• When I want to buy office supplies, I prefer to shop at Staples, which runs their site on ASP.
  • When I get to take my European dream vacation, I'll use RentVillas.com to book my accommodations (ASP.NET site). I wish JetBlue (ASP) or Alaska Airlines (ASP) flew to Europe, but there's always Continental (ASP) or SAS (ASP).
  • For insurance, I use Allstate, yet another ASP site.
  • How much of this is merely coincidence? Perhaps it isn't the .asp or .aspx vs .pl or .php as much as it is the style that lends themselves to each of those sites is more appealing to you.

    You said cafepress went downhill when they switched to JSP, was it the layout or the performance or merely your opinion? Switching to ASP.Net would have entailed bringing in a new development team that would have architected the site differently for the users than the JSP team.

    I suppose it is similar to my preference for companies with a domain .ca over .com but that would be a small portion of my decision process overall.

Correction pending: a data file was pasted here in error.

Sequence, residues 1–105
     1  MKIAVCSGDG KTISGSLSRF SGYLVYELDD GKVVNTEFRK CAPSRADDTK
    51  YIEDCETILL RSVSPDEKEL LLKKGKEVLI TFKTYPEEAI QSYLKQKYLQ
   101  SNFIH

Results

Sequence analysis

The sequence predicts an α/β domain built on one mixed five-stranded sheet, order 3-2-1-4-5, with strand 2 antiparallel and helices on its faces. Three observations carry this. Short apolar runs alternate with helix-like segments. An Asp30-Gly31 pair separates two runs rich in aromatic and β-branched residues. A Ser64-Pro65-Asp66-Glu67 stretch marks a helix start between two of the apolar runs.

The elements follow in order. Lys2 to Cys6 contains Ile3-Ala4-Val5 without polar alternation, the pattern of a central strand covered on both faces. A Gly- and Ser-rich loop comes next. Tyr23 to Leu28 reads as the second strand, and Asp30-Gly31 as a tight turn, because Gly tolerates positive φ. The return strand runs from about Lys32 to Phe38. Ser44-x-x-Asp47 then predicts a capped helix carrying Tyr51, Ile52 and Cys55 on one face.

• It's not coincedence, I always try to figure out what technology sites use that I visit. The performance at CafePress along with the reliability suffered under JSP. Granted, it could be they had a lousy implementation.
  • Like attracts like.
    The way something (A) is put together is affected by its components. If you are in the habit of putting those same comonents together into other somethings (B,C and D), then the first (A) will probably seem familiar.

    It is ironic that I as a Canadian do not use any .ca sites (except my dad's) at all. I refuse to even let google send me to the .ca version.
  • The main reason I prefer .ca enabled sites is generally that they will quote in CAD and ship from Canada (cheaper). For reference sites I tend to use .com's. When purchasing books I will use amazon.com to read reviews and then order through chapters.indigo.ca.

    I also probably deal with a higher number of MS platform sites than average mainly because those are the technologies I am interested in for content. An article on .Net loses a little value if it ends in .php.